PM when you're ready to start crunching some numbers, no cost, no obligation and no sales pitch
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  #47  
Old 09-19-2019, 9:35 PM
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Curious about your take on the recent fed cut.
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  #48  
Old 09-20-2019, 12:58 PM
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Quote:
Originally Posted by WeStayClean View Post
Curious about your take on the recent fed cut.
Feds don't control mortgage rates. When they "cut" it is to the Federal Funds rate.

When they cut the Federal Funds rate do mortgage rates sometimes go down? Yes, but sometimes they go up as well depending on the language from the meetings and how markets interpret their statements and minutes from the meetings.

Mortgages ended essentially flat after the cut this week, no increase, no decrease as the .25 cut has been "baked in" to the market and widely expected for some time now. Jerome Powell chose his words carefully to give the markets just enough so that they wouldn't react much and that is what happened.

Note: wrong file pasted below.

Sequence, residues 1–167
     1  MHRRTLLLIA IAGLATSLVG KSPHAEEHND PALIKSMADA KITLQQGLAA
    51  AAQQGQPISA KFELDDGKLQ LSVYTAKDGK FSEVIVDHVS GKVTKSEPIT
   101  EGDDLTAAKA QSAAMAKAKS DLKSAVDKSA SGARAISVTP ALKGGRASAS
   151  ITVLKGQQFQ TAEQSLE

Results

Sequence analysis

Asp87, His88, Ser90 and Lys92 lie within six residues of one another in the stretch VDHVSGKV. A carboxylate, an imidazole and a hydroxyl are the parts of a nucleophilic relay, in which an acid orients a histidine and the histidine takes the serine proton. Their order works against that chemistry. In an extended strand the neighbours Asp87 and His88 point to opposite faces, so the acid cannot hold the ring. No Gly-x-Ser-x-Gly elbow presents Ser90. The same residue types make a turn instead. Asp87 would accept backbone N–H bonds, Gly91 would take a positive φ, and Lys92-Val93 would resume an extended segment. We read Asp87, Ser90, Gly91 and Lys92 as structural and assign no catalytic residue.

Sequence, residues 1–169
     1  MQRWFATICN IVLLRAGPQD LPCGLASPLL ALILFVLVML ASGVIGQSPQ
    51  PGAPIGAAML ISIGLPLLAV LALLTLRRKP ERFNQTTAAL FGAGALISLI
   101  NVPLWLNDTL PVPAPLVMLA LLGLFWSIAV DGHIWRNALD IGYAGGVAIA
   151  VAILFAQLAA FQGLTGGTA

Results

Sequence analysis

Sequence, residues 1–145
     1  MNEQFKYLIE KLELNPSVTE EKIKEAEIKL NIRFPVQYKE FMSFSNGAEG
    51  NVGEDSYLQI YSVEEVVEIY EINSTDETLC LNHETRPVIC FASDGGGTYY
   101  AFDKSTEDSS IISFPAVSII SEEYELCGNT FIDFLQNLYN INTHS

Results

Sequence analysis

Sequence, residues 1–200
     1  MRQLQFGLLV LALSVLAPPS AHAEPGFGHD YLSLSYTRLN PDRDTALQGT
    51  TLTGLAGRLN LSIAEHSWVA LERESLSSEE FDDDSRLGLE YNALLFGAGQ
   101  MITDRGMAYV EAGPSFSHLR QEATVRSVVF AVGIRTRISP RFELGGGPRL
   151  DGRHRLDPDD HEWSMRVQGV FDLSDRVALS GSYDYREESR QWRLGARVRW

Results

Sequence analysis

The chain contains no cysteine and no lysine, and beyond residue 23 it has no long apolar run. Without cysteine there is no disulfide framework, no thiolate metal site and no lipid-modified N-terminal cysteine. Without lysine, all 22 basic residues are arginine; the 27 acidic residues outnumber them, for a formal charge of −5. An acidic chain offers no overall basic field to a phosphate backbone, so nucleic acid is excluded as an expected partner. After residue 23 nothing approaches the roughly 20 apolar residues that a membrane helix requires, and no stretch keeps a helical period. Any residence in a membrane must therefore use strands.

All eyes now are on the China trade deal which, in my opinion, is the biggest driver of mortgage rates at the moment.

Trade deals came back on the table at the beginning of the month and rates spiked up dramatically.

Today, China cancels a visit to some farms (which was never approved in the first place and only "tentative") markets freak out and mortgage rates improve a bit.

The key word these days is "volatility" with lots of knee jerk reactions causing mortgage rates to go up or down.

What I am helping people do now is, figuring out the target rate for a refi to pencil out, then getting all their ducks in a row for loan approval. That way, when the next dip happens we're ready to take advantage of it while it lasts and get the refi done quickly and easily